December is a time of assessment. Organizations end fiscal years, supervisors and staff conduct performance reviews, and individuals reflect in preparation for a better new year.
Over the last few weeks, as we’ve put the finishing touches on the Center’s latest philanthropic guidance for donors, High Impact Holiday Giving, we’ve been talking even more than usual about assessment. How do we measure our performance? And, more relevant to readers of this blog, how do we assess the performance of philanthropic approaches for issues as different as feeding hungry families, providing a path out of poverty in the developing world, or improving educational opportunity for students in the U.S.?
Much as Paul Brest and Hal Harvey do in their book, Money Well Spent (which we recently reread), we don’t prescribe what passions are most worthy or place limits on thresholds for donation levels. People care – often deeply and passionately – about different issues.
However, like Brest and Harvey, we are concerned with how well philanthropic funds achieve the social impact intended. As they note, “Giving great amounts of money is not tantamount to great giving.” We’ve spent years trying to understand how to guide donors to great giving. Choosing just 10 opportunities for our first holiday guide wasn’t easy. We started with identifying opportunities with the following characteristics:
- Is this a meaningful issue now? That is, is the impact sought valuable to the people that donors aim to help?
- Has our analysis of multiple sources of evidence (including research, informed opinion, and field experience) made us confident of the approach’s effectiveness? (For more information, please see What We Do.)
- Does the approach offer sufficient bang for your buck? (For the detail that underpins each highlighted opportunity, please see Our Products.)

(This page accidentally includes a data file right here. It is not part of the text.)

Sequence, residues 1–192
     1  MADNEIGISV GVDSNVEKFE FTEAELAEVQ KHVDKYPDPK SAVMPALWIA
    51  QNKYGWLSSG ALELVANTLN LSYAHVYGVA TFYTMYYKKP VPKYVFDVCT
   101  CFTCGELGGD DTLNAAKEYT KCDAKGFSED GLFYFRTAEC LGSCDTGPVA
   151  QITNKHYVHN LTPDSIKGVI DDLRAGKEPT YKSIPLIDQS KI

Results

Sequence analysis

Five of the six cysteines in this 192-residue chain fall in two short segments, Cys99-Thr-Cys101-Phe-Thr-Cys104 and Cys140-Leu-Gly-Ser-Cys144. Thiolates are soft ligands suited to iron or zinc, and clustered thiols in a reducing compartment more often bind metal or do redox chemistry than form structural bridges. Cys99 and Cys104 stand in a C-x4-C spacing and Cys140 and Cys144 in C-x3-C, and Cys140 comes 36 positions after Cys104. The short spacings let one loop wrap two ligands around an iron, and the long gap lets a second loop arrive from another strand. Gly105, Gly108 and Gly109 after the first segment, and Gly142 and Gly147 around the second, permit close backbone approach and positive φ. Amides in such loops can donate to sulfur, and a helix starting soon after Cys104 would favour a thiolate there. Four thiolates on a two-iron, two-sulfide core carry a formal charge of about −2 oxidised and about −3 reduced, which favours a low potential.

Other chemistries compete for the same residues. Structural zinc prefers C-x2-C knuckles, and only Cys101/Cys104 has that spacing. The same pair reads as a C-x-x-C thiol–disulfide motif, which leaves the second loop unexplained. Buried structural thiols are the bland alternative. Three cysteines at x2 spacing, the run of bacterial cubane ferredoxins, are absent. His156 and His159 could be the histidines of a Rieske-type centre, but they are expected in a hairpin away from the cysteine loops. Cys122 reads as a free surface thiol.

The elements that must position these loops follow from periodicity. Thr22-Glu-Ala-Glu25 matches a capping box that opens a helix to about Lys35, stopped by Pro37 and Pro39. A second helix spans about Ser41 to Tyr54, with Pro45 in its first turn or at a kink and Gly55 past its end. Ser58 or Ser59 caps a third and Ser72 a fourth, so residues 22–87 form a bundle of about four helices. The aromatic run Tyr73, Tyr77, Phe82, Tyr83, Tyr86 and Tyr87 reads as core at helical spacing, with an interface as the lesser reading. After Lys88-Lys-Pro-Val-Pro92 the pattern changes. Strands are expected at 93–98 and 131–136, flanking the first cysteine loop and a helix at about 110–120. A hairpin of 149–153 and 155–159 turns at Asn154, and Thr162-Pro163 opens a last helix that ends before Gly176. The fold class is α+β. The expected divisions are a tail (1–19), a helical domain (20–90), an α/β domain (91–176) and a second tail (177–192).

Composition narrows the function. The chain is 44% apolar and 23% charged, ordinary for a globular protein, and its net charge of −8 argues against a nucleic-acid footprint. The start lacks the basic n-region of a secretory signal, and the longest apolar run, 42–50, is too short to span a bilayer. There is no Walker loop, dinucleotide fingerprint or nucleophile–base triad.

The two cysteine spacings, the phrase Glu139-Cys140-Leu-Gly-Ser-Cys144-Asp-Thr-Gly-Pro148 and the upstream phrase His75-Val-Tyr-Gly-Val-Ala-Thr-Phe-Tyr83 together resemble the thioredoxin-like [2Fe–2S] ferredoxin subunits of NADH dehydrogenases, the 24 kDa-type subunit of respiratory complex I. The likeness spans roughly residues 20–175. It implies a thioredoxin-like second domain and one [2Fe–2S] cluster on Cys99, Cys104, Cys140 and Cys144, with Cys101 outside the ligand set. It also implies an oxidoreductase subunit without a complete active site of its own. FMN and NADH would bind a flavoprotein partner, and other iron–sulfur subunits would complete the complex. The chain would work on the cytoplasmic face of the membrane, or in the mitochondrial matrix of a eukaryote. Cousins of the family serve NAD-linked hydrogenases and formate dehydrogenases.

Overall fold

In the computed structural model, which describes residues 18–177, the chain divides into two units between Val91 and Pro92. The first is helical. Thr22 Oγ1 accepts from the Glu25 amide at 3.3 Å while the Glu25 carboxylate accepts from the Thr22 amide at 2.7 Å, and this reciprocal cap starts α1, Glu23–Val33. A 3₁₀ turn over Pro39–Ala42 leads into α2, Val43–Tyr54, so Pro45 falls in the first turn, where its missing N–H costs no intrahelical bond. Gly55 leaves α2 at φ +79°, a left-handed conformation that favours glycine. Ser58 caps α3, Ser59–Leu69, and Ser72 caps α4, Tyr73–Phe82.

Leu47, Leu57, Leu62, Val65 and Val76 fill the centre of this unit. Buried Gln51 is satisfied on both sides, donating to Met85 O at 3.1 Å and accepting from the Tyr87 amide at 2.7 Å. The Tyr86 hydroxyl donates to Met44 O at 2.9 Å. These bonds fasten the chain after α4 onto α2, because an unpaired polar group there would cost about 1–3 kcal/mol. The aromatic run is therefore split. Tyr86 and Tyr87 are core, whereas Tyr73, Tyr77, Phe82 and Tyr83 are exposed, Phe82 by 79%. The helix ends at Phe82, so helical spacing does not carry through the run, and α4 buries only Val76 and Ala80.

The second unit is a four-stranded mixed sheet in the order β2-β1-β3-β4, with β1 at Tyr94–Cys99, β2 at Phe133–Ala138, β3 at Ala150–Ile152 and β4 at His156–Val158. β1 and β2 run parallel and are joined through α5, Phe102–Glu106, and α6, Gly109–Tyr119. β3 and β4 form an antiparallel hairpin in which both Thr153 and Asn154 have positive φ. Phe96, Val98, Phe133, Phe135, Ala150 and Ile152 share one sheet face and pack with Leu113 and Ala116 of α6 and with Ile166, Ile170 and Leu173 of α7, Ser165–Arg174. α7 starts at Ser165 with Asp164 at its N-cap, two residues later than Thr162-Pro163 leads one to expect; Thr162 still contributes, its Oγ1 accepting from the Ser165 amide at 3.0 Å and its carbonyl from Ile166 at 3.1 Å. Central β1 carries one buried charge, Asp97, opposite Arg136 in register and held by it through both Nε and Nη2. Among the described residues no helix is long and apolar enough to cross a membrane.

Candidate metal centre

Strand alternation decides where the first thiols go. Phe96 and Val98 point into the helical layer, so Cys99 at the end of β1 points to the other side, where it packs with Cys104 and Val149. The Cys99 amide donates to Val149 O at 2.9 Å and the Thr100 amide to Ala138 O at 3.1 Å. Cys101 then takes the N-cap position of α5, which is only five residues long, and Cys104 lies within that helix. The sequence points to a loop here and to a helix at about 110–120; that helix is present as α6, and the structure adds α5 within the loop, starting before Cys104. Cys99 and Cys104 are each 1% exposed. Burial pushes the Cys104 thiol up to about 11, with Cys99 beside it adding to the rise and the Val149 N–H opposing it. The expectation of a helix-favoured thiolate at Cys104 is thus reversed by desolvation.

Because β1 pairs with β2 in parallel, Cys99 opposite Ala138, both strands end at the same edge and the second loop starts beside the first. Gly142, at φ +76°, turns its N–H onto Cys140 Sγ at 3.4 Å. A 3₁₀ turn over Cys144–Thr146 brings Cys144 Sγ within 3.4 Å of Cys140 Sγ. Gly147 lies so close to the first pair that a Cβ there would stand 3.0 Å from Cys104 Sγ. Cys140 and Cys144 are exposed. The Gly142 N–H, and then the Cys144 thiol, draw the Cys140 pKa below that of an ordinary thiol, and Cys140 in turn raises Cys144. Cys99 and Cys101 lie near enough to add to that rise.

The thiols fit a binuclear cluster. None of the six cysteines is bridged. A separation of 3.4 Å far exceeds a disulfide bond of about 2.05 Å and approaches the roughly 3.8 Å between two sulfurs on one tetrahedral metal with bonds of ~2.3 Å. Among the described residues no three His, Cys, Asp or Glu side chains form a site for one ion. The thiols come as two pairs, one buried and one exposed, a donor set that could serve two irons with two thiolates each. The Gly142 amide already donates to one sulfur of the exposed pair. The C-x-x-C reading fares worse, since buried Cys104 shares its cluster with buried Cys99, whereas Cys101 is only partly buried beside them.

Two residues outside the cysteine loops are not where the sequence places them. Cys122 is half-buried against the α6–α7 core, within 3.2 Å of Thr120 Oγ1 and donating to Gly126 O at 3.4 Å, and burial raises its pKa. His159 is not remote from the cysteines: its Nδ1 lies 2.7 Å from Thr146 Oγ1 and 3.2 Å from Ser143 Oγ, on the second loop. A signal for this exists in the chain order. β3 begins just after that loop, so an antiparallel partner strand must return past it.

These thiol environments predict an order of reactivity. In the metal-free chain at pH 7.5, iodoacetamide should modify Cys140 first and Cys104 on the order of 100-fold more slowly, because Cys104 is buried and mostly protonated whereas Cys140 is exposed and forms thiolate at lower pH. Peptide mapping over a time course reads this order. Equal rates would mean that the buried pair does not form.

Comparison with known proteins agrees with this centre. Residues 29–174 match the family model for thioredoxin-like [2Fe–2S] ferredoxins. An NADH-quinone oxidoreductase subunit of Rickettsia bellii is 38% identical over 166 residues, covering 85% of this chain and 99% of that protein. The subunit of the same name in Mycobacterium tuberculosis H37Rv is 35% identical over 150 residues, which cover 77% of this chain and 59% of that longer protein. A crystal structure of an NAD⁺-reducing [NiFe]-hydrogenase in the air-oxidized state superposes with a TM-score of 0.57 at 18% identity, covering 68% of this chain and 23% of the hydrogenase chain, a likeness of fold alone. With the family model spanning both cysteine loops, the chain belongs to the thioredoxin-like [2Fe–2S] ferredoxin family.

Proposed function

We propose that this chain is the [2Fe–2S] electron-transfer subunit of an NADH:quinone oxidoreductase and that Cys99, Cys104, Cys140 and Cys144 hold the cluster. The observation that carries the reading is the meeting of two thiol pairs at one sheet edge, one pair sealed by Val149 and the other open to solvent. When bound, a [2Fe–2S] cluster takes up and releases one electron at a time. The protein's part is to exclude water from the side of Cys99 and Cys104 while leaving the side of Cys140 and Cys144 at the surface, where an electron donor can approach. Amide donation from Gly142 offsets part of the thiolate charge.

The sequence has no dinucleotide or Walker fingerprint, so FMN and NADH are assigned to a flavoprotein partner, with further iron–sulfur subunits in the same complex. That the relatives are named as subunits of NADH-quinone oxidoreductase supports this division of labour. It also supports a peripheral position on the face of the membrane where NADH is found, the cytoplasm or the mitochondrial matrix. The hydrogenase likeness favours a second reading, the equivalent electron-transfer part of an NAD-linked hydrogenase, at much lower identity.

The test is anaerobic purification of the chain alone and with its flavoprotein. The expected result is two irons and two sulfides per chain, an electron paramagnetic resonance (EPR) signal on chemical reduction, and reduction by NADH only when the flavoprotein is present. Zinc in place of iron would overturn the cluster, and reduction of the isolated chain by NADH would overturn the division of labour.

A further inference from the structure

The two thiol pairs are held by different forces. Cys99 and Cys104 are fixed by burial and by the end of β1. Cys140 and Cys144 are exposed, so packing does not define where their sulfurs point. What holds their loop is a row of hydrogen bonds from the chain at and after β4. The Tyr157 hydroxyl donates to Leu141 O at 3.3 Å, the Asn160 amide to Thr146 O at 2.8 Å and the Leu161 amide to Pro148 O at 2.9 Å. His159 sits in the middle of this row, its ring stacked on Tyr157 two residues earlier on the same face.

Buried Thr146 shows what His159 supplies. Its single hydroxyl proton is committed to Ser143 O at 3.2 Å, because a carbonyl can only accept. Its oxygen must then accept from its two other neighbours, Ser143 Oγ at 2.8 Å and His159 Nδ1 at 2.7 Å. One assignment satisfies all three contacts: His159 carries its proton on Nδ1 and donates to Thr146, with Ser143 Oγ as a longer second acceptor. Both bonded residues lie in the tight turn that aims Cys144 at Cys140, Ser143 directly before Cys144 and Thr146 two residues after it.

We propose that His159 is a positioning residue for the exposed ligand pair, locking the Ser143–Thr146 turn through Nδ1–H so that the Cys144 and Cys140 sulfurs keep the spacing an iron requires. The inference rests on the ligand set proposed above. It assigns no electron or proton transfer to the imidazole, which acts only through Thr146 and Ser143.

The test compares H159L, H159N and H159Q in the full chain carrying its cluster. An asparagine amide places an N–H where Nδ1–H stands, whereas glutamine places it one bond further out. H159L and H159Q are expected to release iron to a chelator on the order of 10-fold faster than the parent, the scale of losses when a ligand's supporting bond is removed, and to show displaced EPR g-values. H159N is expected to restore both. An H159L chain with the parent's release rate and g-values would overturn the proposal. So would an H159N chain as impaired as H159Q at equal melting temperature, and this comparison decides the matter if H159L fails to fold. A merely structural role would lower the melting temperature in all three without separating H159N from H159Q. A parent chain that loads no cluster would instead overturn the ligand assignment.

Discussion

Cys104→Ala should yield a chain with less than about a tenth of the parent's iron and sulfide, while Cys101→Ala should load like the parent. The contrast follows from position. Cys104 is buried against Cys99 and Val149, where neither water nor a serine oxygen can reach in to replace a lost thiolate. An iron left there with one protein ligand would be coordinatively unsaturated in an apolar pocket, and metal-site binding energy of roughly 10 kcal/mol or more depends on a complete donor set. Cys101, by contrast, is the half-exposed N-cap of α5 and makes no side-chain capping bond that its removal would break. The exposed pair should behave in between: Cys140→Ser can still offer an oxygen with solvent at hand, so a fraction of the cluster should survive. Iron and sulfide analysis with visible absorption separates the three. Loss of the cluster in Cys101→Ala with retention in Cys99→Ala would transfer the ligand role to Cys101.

- For the handful of nonprofits mentioned as illustrative of the approach, are they well-positioned to deliver the change we describe? We chose organizations that have been transparent with us regarding their activities, whose work is consistent with the outside evidence base we tap, can point to outside validation of their efforts, and are positioned to accept private, philanthropic funds from U.S. donors.
The good news is that we had more than 10 opportunities with those characteristics, so in addition we looked at:
- Diversity among the 10 opportunities in terms of issue area and geography (e.g., balance between US-based and efforts outside the U.S.). As a group, will these opportunities help and inspire the broadest set of donors?
- Up-to-date information on implementation of the model and evidence of its continued impact. Ever-changing economic and political contexts can have a significant influence on quality and effectiveness of each approach, and we were mindful of those that presented a lasting opportunity for donors.
- Actionable for a large segment of donors (e.g., doesn’t require a million dollars to make a meaningful difference).
As with all hard and important choices, this was not a mechanical exercise where the numbers pointed to the 10 best. Even with access to the best available information, great giving involves the application of judgment. We look forward to any questions or comments about how we chose what we profiled in our guide. In the meantime, we hope our team’s analysis and collective judgment help you and those you know have more impact.